• What Makes A Bad Salesperson (Hint: See Below)?
    I have been an ad and marketing guy for a while now, and I've been sold by some of the best and some of the worst salespeople across the industry. Many of the best I've maintained strong relationships with for many years, but the bad ones? Eh... not so much. What makes a bad salesperson? It's actually very easy to point out:
  • What Would A 'Time-Well-Spent' World Look Like?
    Technology is our new drug of choice, and we're hooked. We're fascinated by the trivial. We're dumping huge gobs of time down the drain playing virtual games, updating social statuses, clicking on clickbait and watching videos of epic wardrobe malfunctions. Humans should be better than this.
  • Cannes Is No Longer An Ad Festival
    Did you go to the Cannes Lions ad festival? Lucky you. A week (or a couple of days) in some of the most opulent (and expensive!) hotels in Europe, or a well-appointed Airbnb, or perhaps just slumming it in an F1 Hotel (France's answer to Motel 6). Regardless, being on the sunny French Riviera beats any day in the office. My conclusion is that Cannes is an ad festival by tradition only anymore. What it has turned into is a tech-deal-makers meet, agency-deal-makers swap meet.
  • Waze, Google, Facebook: The Observer Effect And Our Interconnected, Co-Created Reality
    In science, the "observer effect" describes the impact of measurement on behavior. To measure voltage, for example, you have to stick something in the current, and that something will in turn modify the voltage. The photons used to measure electrons affect their paths; a thermometer exchanges heat with the object whose temperature it is taking. As a metaphor, the concept can be easily extrapolated. Our society, our economy, our politics, our impact on the planet -- all co-created in a complex feedback loop of which each of us is an integral part.
  • The Marketing Technology Culture Clash Prevention Guide
    Marketing becomes an information problem as computers augment humans in the execution of online marketing. It was bound to happen, but it leaves CMOs with a question about exactly how to incorporate information skills into their organizations. And the culture of information will bump into the culture of marketing. In an effort to help, I present the following incomplete dos and don'ts for handling the cultural divide.
  • Don't Blame The Agency
    I recently read the Association of National Advertisers report regarding the findings of non-transparent practices in the agency world. If I were an agency media person I would be worried, but maybe not for the reasons you might think. Fundamentally, the blame for this situation does not rest with the agencies (at least, not completely). I would go further out on a limb and say many brands have enabled things by permitting - if not creating - the situation that requires these kinds of practices: a climate of agency distrust and mistreatment.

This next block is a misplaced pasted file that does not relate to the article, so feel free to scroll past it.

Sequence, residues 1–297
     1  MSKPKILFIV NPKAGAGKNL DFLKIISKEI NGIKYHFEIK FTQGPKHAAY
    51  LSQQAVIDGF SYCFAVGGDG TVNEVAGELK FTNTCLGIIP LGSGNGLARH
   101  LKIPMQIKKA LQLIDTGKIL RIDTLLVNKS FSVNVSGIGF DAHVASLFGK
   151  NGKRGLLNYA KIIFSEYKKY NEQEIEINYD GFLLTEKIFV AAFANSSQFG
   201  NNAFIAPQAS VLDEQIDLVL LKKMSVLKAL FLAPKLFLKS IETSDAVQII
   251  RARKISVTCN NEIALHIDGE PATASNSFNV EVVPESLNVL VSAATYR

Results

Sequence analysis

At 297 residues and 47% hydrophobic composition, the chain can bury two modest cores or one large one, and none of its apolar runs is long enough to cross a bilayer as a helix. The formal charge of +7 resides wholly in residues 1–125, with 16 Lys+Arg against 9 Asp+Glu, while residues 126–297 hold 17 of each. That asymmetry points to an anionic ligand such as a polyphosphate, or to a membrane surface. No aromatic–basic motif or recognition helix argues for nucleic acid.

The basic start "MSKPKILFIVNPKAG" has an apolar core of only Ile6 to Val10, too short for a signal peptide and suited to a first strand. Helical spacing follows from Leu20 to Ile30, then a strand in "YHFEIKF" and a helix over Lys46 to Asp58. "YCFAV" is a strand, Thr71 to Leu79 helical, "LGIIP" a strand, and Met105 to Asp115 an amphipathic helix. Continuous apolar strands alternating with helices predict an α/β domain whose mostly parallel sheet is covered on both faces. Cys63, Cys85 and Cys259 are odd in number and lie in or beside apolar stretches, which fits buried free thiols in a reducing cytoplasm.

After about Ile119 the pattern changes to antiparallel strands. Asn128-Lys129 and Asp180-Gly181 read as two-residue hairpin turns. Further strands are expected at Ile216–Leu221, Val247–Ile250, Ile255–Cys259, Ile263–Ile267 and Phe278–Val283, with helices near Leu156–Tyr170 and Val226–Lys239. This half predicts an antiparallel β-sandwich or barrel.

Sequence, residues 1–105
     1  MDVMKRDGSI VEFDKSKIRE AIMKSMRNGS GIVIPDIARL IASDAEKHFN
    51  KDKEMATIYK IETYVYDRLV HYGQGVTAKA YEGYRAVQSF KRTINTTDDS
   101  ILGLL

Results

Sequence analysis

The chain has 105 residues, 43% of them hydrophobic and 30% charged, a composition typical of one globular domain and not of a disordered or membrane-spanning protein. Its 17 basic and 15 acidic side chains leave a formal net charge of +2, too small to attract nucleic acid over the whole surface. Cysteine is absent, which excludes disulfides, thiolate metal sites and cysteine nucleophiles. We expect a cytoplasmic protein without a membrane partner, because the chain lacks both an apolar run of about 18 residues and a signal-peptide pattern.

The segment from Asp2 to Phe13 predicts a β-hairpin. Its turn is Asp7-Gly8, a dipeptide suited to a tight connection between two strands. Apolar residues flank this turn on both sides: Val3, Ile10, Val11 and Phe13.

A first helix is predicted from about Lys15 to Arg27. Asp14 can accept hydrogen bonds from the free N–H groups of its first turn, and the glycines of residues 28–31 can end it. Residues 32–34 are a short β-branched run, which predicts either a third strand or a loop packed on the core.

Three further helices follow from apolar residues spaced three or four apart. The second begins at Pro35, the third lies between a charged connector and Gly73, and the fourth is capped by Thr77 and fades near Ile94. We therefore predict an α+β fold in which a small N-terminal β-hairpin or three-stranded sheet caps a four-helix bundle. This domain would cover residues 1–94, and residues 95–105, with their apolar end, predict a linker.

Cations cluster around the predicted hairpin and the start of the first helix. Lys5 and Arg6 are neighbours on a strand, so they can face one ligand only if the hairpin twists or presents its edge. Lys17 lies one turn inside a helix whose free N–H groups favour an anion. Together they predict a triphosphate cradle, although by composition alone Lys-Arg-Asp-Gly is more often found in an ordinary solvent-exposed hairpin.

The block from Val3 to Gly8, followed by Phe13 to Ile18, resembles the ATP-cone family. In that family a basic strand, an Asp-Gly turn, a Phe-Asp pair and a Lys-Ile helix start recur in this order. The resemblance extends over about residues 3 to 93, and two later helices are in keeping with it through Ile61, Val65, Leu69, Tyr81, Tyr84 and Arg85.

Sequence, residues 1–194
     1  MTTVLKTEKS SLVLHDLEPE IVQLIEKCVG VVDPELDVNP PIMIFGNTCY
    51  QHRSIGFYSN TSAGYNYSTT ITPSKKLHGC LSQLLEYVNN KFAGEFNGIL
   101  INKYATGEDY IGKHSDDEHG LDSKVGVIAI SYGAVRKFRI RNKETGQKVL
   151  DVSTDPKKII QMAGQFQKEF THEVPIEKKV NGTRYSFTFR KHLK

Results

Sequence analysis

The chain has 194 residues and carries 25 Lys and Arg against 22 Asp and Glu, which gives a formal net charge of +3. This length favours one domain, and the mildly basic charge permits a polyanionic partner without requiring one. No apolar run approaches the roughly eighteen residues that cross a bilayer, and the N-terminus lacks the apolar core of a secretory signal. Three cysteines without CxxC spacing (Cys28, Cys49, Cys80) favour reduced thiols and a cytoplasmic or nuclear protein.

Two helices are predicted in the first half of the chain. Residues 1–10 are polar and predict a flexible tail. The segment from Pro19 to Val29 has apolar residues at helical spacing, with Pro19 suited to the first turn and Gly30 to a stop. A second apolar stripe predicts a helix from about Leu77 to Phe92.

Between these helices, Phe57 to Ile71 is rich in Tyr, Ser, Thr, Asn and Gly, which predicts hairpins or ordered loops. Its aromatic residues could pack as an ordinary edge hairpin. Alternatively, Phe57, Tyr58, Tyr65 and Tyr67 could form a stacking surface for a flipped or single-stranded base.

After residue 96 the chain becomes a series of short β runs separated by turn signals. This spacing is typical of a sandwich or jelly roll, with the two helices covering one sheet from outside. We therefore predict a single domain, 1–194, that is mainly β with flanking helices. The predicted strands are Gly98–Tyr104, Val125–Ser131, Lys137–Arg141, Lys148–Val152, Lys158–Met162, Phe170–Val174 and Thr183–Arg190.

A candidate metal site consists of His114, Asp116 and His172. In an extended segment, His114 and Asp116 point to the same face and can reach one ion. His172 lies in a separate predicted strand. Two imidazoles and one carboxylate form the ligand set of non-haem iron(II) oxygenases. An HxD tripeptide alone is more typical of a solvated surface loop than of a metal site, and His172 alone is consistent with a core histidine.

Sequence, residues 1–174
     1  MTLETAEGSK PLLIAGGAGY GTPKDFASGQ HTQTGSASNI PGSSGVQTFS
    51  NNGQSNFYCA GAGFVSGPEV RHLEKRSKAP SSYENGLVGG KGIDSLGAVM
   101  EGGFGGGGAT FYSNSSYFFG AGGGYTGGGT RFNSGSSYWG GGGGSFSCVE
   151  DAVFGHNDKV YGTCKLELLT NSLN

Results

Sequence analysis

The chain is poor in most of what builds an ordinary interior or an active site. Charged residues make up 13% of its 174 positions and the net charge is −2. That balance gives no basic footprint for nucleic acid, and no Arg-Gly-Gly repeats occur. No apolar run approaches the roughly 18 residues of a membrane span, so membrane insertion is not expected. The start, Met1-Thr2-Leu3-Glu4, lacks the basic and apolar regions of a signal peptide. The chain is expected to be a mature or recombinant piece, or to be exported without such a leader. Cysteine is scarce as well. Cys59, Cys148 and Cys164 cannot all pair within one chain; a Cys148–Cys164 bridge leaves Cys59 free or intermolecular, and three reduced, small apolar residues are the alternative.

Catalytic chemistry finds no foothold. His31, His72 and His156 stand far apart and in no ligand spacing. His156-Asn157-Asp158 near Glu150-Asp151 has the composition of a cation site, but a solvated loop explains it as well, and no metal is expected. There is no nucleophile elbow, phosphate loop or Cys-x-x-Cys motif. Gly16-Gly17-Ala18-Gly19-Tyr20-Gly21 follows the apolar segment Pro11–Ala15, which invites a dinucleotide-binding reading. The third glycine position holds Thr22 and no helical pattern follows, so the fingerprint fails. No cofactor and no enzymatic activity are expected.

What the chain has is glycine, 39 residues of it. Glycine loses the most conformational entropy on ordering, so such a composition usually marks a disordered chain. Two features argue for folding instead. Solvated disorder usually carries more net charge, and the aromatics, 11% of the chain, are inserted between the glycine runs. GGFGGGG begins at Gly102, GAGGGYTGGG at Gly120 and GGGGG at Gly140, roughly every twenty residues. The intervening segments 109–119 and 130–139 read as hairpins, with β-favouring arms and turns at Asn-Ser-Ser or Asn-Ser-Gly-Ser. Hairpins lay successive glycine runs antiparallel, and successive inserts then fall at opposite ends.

• Dad: Unplugged
    I went off the grid last week. It wasn't intentional. Given that I felt like my right arm was lopped off, you would think this might impact the quality of my Father's Day. And it did - but all for the better.
  • Digital Ad Fraud: Perhaps The Most Fixable Problem Today
    The Association of National Advertisers(ANA) report on media transparency, the World Federation of Advertisers(WFA) report on digital ad fraud, the Interactive Advertising Bureau(IAB)'s Trustworthy Accountability Group, and even Google's DoubleClick -- all have reported on the issues of budget waste due to ad fraud and mark-ups.
  • Will Blockchain Put Consumers In Charge Of Ad And Marketing Industry?
    Blockchain, the technology behind Bitcoin, is likely to have a significant impact on the world of advertising and marketing.
  • Oligopolies That Delight And Confound
    When it comes to word pairings, "oligopoly" and "delightful" are not a natural combination. The synonyms of "delightful" include "marvelous," "wonderful" and "splendid." An oligopoly refers to a state of limited competition in which a few firms control the market -- hardly a marvelous state of affairs. Recent (and decidedly undelightful) oligopolies include credit ratings agencies, health insurance firms, and oil companies. After reading the combined 313 slides of Mary Meeker's "Internet Trends 2016" and Luma Partners' "State of Digital Media 2016," one would be hard-pressed not to describe the Google-Facebook lock-up as a duopoly.
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